2009 Digital Dividend Scoping Paper - NZART Comments
11 June 2009 Mr Brian Miller Manager, Radio Spectrum Policy and Planning Radio Spectrum Management Ministry of Economic Development P O Box 1473 WELLINGTON 6015
Digital Dividend Scoping Paper - NZART Comments
Thank you for the opportunity to comment on your scoping paper on the NZ Digital Dividend.
From our understanding of the current proposals, there are two New Zealand Amateur allocations that are likely to be affected by the digital dividend:
* The 6 metre (50 MHz) Amateur band; and
* The Channel 39 Amateur allocation.
As the following sections discuss, NZART:
* looks forward to New Zealand Amateurs having access to the full Region 3 allocation (50 to 54 MHz) shown in the ITU Table of Frequency Allocations; and
* would like to see their current analogue Channel 39 repeater licences replaced by similar/same frequency DTT repeater licences at the appropriate time but are willing to consider other alternatives if they meet the needs of New Zealand Amateurs.
Once again, we would like to thank you for the opportunity to comment on your Scoping Paper and we look forward to further constructive dialogue on the issues it raises.
NZART Administration Liaison Officer.
The 6 Metre (50 MHz) Amateur Band
As you will be aware, the Amateur allocation in New Zealand (51 to 53 MHz) differs from that (50 to 54 MHz) available to Amateurs elsewhere in Region 3. The two missing 1 MHz segments are currently allocated, in New Zealand specific footnotes, to:
* Channel One television (50 to 51 MHz); and
* Fixed links (53 to 54 MHz).
Our views on these two segments are given below.
Segment 1: 50 to 51 MHz
On page 4, the Scoping Paper states:
The band 50 - 51 MHz has been used for broadcasting under footnote
5.166 in the ITU Radio Regulations, and it may be appropriate to consider a new use aligned to the Table of Frequency allocations (i.e. a Primary allocation to Amateur services).
NZART strongly supports this view and notes that this segment is of particular interest to New Zealand Amateurs as it is that most often used by our colleagues overseas for international contacts.
Segment 2: 53 to 54 MHz
We understand that the following quotation from the Scoping Paper relates to this segment:
There are also other uses under the New Zealand specific Footnotes in the adjacent 51 - 54 MHz band which could be reviewed, but this is beyond the strict scope of the spectrum released by the DSO process.
As you may be aware, we have a working arrangement with the organisation that is currently allocated this segment and they have allocated a number of their frequencies to us for Amateur repeaters.
While we are keen to see the entire Region 3 allocation returned to New Zealand Amateurs, we recognise that some frequencies in the 53 to 54 MHz segment are currently used for other purposes and are happy to continue working cooperatively with the organisation to whom this segment is currently allocated.
The 6 Metre (50 MHz) Amateur Band -Summary
In our discussions you have stated that your current working assumption is that future use of VHF spectrum should be in accordance with the ITU Table of Frequency Allocations for Region 3 and not rely on New Zealand specific footnotes to the Table.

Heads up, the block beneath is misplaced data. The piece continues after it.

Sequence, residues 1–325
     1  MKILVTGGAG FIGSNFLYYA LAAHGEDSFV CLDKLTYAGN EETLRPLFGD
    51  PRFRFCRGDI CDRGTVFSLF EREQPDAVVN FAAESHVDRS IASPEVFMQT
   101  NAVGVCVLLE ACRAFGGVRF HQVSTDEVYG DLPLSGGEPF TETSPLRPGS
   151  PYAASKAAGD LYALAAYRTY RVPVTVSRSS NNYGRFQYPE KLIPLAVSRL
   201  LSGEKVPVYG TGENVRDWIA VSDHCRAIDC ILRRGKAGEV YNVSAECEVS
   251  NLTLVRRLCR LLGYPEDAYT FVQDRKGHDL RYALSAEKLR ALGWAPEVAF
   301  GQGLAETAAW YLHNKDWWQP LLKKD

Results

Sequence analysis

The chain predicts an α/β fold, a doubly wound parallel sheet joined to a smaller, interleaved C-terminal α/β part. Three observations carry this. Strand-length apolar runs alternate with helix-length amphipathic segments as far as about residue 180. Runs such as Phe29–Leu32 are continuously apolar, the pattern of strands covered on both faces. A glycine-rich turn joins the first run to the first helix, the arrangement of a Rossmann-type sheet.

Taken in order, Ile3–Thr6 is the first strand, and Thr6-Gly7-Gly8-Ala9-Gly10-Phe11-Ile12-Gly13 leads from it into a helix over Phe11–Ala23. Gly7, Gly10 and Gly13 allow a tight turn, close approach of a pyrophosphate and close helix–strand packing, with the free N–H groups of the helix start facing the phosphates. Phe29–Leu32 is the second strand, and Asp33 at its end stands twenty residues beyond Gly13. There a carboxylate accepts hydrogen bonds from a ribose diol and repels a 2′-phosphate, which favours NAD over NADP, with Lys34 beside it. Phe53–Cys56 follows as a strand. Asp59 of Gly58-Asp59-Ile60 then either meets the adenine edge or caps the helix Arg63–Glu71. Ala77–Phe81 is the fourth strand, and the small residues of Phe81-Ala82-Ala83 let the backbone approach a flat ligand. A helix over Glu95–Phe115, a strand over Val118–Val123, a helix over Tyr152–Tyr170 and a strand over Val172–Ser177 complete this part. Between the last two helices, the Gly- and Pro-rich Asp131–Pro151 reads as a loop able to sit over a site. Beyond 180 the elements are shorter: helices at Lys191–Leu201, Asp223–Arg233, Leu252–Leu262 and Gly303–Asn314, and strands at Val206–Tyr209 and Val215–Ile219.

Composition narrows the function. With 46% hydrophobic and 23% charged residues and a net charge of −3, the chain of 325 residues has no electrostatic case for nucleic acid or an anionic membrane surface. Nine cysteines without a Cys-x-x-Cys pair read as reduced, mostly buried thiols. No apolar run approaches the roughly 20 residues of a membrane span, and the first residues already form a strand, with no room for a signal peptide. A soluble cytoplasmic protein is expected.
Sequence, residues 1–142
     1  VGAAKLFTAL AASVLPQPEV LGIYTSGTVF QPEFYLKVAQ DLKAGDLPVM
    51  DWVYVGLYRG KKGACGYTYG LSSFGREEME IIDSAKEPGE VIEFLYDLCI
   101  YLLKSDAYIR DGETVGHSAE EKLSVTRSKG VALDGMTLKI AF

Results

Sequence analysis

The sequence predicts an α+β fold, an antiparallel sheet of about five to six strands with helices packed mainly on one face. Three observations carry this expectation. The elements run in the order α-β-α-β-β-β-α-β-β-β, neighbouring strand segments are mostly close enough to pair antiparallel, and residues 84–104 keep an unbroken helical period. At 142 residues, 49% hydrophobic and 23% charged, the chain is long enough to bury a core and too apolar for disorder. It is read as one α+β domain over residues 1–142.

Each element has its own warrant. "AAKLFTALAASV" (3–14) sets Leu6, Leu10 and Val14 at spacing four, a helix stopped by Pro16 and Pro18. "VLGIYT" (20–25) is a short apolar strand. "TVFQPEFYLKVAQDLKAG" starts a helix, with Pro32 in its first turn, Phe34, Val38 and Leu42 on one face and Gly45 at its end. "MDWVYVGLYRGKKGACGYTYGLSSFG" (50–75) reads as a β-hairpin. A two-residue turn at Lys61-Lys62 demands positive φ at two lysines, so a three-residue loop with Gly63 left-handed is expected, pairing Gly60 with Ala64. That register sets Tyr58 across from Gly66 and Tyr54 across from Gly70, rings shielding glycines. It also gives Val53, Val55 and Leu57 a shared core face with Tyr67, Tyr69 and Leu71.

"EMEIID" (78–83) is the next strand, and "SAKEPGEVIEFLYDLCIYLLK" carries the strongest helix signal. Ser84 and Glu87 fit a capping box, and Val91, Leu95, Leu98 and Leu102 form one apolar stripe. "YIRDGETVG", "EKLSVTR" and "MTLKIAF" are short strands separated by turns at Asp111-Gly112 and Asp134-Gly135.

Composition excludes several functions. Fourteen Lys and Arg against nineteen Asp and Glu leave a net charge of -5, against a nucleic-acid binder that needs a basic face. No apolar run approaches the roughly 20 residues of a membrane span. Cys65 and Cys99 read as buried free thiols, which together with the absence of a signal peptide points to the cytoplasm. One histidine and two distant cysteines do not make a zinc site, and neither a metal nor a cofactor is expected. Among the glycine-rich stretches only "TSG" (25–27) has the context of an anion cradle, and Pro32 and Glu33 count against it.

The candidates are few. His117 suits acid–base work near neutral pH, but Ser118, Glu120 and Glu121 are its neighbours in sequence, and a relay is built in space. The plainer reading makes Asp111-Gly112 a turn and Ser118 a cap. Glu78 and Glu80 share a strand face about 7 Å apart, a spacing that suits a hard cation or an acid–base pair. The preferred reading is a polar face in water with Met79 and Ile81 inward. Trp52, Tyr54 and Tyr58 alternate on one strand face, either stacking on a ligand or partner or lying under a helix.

NZART supports the Ministry's intention to revert to international allocations for the 6 metre Amateur band and looks forward to New Zealand Amateurs having access to the full Region 3 allocation (50 to 54 MHz) shown in the ITU Table of Frequency Allocations.
The Channel 39 Amateur allocation
The other area that is likely to be affected by the Digital Dividend is Amateurs' use of UHF Channel 39 (614 to 622 MHz).
As you will be aware, Amateurs were granted access to channel 391 to compensate for the removal of the 420 to 430 MHz segment from the 70 cm Amateur band - making it possible for Amateurs to continue to operate Amateur television repeaters.
The allocation of a standard UHF television channel (rather than some other non-television allocation in the UHF area) had a significant benefit; it allowed Amateurs to use standard commercial television receivers to receive the output of their repeaters and made the signals available to the general public - encouraging others to join the Amateur ranks.
Currently there are a large number (30) of Amateur television repeaters using this allocation from sites spread throughout New Zealand. Frequencies within this band are also used by Amateurs from time to time for other purposes under rules agreed between the Ministry and NZART in August 2006.
The Scoping Paper acknowledges that Amateurs are currently making use of channel 39 and makes the following comments:
...in a digital environment it is difficult to see how multiplexed repeater transmissions might occur. Policies will be required to determine if digital licences will be required or available for Amateur purposes, and whether these should be in the VHF, UHF, or other suitable spectrum.
The current working assumption is that current Amateur UHF analogue television licences will be discontinued at DSO. Any further requirements might be considered in the VHF bands.